Monday, May 6, 2013

The Left In Loco Parentis & The Plan B Abortion Pill

. . . The defining issue for me — the one that launched me on a personal trajectory of confrontation with the Left and with my colleagues and friends — was the persistent undermining of the family as an institution. . . .
There were whole communities where committed fathers were almost totally unknown. Children as young as five were becoming highly sexualised from the example of their promiscuous mothers. Family breakdown was dissolving the bonds of society and civilisation itself. . . .

Melanie Phillips, Why The Left Hates Families, Daily Mail, 3 May 2013

In order to remake society, the left wars on the foundations of society, including the family. Since time immemorial, children have learned their values, their work ethic, their religion and their skills at the elbows of their parents. The left, however, wants the state to take over the role of the parents - to act in loco parentis - when it comes to inculcating modern left wing values. Sexualizing our children is perhaps the left's primary focus within this rubric.

The most recent example was the law suit brought by the Center For Reproductive Rights, a far left organization, seeking to make the Plan B abortion pill openly available to children - or as the Center worded this in their law suit, to "women of all ages." Prior to this lawsuit, under the Bush administration, the Plan B abortion pill was available without a prescription only to women age 18 and older. Not surprisingly, the Center was able to find a federal judge willing to impose their corrupt social policy on our nation. This is stomach churning.

Kathleen Parker, writing at the Washington Post, itemizes the litany of problems with this federal decision, rightly concluding that "public policy should be aimed at involving, rather than marginalizing, parents."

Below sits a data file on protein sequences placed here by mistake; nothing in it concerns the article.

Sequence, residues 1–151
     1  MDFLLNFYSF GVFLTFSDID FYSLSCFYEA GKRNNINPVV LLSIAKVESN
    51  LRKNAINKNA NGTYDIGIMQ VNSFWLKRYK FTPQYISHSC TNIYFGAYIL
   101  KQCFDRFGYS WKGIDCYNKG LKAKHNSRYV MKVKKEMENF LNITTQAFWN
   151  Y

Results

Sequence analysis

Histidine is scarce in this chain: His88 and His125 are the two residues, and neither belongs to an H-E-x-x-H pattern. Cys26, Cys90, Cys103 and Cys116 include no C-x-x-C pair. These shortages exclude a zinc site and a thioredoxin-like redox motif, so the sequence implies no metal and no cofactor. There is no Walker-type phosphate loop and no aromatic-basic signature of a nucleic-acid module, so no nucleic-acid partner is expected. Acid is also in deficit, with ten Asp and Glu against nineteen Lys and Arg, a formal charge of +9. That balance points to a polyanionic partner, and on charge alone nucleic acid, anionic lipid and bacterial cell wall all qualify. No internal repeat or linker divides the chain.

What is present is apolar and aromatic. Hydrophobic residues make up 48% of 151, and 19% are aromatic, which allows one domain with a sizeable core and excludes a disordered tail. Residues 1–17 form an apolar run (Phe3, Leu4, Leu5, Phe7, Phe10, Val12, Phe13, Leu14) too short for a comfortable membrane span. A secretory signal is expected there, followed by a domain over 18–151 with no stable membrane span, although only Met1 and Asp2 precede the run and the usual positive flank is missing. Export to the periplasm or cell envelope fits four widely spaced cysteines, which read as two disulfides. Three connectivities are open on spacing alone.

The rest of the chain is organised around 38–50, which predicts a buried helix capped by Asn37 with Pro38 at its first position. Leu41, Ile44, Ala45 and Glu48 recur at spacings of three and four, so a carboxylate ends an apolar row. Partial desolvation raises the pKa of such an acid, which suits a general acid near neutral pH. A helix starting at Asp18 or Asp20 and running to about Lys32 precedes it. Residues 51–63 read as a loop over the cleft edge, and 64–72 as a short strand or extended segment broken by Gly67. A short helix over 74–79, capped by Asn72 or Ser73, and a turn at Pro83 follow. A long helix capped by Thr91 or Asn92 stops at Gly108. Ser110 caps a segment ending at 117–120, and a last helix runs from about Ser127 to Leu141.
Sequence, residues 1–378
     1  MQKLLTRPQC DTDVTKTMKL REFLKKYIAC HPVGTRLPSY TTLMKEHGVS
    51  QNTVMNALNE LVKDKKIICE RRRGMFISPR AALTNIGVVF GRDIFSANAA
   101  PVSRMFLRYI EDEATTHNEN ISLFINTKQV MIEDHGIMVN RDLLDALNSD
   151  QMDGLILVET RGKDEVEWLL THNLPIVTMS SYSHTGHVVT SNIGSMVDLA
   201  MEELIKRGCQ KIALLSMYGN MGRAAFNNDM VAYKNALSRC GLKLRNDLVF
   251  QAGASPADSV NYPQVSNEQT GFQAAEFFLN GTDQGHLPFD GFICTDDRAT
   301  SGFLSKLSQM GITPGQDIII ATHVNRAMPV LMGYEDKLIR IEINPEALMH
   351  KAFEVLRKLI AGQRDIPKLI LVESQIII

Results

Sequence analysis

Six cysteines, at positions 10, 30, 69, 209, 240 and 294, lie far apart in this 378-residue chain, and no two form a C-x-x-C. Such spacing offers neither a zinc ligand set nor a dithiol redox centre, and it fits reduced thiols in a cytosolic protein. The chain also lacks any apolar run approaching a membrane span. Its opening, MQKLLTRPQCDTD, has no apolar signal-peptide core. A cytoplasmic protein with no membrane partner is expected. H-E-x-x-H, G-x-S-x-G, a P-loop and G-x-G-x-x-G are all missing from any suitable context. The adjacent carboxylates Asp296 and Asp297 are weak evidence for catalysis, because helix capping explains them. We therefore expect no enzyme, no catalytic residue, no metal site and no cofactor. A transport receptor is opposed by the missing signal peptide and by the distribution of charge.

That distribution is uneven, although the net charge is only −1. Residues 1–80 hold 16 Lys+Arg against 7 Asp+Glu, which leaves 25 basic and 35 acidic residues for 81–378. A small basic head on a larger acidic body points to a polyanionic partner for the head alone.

To say that this controversy is strictly political is no argument against debate. Politics is the debate about the role of government in our lives. And the debate about Plan B is fundamentally about whether government or parents have ultimate authority over their children’s well-being.

Kathleen Geir, writing in response to Ms. Parker at the far left Washington Monthly, makes it abundantly clear that this case is nothing more or less than the state being used to displace parental influence on their children in matters of sex. It really must be read to be believed. Her arguments can be summed up as that sex at any age should be free of any ethical or moral consideration, free of any physical consequence, and that parents should have no say in their child's sex life. She dismisses contrary argument on the rights of parents as "mere emotionalism":

Oh, I see! We’re just having a high-minded debate about the “proper role of government” here. Except that we aren’t: the conflict here isn’t parents vs. the government, it’s parents vs. the reproductive freedom and bodily autonomy of their daughters. Be that as it may, Parker is trying to make this about “the big bad government” vs. the rights of individual parents — who always, of course, have their daughter’s best interests at heart, and would never, ever physically or emotionally abuse her if she asked her parents’ permission to go on birth control. Forget about the specter of a terrified 12-year old girl who’s faced with the trauma of an unwanted pregnancy, who fears that her life may be ruined, and who then must grapple with the full array of health complications that pregnancy and birth entails.

It’s well worth mentioning here that many young girls become pregnant from sexual relationships that are not exactly what most of us would consider to be consensual. Studies show that teens are far more likely to become pregnant if their sex partner is older. For example, the pregnancy rate for girls age 15 to 17 is 3.7 times greater if their partner is six or more years older than they are, vs. two years older. Many teen pregnancies result from statutory rape, incest, or other abusive relationships. But hey, let’s just compound the trauma by denying these little sluts birth control and forcing them to deal with an unwanted pregnancy!